|Date:||Tuesday, March 23, 2004, 19:55|
Christophe Grandsire wrote:
> En réponse à Philippe Caquant :
>> This all can very well be understood if we look at a
>> geographic map of Norway. Until recently, valleys were
>> very isolated from each other, and often the best way
>> to get from one region to another was by sea. (Now
>> they made tunnels everywhere like worms in a piece of
>> cheese, and you have to pay a fee every 15 km).
> Actually, geography is not necessary to have a multitude of dialects.
> You don't even need distance! Look at the Netherlands: probably the
> flatest country of the world, and a small one at that, and yet such a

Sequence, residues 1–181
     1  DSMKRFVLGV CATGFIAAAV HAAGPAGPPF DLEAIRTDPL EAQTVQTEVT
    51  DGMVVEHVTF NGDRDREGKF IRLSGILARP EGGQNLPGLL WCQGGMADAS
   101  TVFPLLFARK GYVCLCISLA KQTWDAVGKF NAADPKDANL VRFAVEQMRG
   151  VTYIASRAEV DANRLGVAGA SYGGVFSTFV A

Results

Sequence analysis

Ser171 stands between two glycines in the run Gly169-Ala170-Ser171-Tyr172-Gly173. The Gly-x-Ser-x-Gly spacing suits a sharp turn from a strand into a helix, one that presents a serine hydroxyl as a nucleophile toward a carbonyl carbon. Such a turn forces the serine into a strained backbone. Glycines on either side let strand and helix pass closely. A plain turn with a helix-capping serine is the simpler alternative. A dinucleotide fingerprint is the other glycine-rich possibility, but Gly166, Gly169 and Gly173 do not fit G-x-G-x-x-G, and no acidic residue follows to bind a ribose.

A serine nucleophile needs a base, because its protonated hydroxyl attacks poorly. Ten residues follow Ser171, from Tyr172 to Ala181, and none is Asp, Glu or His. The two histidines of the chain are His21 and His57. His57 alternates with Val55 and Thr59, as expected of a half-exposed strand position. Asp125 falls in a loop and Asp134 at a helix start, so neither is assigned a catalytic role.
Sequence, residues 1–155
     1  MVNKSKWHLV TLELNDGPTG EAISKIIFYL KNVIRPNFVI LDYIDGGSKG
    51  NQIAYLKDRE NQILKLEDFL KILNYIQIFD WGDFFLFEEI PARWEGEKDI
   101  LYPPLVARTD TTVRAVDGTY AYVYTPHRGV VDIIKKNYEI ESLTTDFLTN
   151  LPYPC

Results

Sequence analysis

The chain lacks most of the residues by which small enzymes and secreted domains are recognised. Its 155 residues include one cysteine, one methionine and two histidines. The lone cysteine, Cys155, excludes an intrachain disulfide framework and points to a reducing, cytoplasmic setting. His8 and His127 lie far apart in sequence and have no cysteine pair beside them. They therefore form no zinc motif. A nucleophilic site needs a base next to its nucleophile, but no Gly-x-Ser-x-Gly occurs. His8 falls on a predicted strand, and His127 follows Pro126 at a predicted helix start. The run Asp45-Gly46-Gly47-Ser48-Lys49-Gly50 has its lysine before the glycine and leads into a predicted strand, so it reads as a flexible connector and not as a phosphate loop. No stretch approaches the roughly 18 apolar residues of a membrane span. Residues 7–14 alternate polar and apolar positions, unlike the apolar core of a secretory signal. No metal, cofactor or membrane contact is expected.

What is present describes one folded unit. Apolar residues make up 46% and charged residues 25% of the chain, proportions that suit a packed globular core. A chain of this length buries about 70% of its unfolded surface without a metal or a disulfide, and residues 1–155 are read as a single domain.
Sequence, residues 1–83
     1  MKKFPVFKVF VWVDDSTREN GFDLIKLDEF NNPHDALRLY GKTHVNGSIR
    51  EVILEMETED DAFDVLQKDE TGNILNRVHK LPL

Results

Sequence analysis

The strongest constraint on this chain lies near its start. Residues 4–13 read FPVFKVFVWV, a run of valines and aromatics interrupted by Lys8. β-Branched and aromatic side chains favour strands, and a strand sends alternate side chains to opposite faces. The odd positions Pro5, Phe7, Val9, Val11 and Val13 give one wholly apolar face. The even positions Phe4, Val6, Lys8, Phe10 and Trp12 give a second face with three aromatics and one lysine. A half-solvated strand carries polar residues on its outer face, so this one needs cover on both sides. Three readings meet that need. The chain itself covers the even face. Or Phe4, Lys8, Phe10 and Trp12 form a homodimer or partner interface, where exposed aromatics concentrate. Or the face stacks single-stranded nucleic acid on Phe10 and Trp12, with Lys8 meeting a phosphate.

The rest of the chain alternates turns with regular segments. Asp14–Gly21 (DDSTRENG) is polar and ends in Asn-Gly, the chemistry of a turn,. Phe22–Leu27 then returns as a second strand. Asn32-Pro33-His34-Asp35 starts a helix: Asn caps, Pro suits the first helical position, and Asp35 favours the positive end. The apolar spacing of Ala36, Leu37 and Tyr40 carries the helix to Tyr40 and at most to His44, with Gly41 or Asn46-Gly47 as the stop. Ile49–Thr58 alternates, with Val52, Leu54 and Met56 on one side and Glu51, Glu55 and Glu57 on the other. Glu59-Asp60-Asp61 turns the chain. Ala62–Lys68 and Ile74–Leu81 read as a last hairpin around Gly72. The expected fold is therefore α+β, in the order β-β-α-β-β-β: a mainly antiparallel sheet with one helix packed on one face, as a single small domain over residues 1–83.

> multitude of dialects that it's common on TV to *subtitle* Dutch
> people just like people speaking a foreign language! And the
> differences between dialects can be lexical, syntactic and
> morphological (for example my friend's dialect still uses "gij" for
> "jij": "you (sg)" (in other dialects, "gij" is like "thou" in English:
> it's limited to talking to God).
Of course, 'thou' still exists in English(as 'tha') in the North. I was
under the impression that 'gij' was mostly found in Flemish.